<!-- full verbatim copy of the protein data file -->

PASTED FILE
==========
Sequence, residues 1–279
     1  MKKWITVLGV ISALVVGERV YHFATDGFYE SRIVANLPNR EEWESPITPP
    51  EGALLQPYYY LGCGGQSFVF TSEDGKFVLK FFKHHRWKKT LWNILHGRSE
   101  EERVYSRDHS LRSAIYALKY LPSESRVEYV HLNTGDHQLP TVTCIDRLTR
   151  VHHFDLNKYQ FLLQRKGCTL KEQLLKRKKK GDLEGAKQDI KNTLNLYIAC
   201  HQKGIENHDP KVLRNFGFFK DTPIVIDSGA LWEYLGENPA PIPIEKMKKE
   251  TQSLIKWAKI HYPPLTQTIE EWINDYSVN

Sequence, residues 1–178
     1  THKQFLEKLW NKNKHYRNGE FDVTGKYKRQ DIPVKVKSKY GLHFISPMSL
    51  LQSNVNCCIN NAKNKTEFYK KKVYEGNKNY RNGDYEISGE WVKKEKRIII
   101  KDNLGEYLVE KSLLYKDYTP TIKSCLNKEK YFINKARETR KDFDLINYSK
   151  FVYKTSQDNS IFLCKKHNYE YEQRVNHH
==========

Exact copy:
Sequence, residues 1–279
     1  MKKWITVLGV ISALVVGERV YHFATDGFYE SRIVANLPNR EEWESPITPP
    51  EGALLQPYYY LGCGGQSFVF TSEDGKFVLK FFKHHRWKKT LWNILHGRSE
   101  EERVYSRDHS LRSAIYALKY LPSESRVEYV HLNTGDHQLP TVTCIDRLTR
   151  VHHFDLNKYQ FLLQRKGCTL KEQLLKRKKK GDLEGAKQDI KNTLNLYIAC
   201  HQKGIENHDP KVLRNFGFFK DTPIVIDSGA LWEYLGENPA PIPIEKMKKE
   251  TQSLIKWAKI HYPPLTQTIE EWINDYSVN

Sequence, residues 1–178
     1  THKQFLEKLW NKNKHYRNGE FDVTGKYKRQ DIPVKVKSKY GLHFISPMSL
    51  LQSNVNCCIN NAKNKTEFYK KKVYEGNKNY RNGDYEISGE WVKKEKRIII
   101  KDNLGEYLVE KSLLYKDYTP TIKSCLNKEK YFINKARETR KDFDLINYSK
   151  FVYKTSQDNS IFLCKKHNYE YEQRVNHH